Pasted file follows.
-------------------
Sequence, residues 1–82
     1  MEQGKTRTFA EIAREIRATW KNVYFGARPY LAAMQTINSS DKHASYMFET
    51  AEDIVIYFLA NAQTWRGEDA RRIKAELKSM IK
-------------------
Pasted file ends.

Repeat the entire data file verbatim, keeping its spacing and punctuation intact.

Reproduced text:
Sequence, residues 1–82
     1  MEQGKTRTFA EIAREIRATW KNVYFGARPY LAAMQTINSS DKHASYMFET
    51  AEDIVIYFLA NAQTWRGEDA RRIKAELKSM IK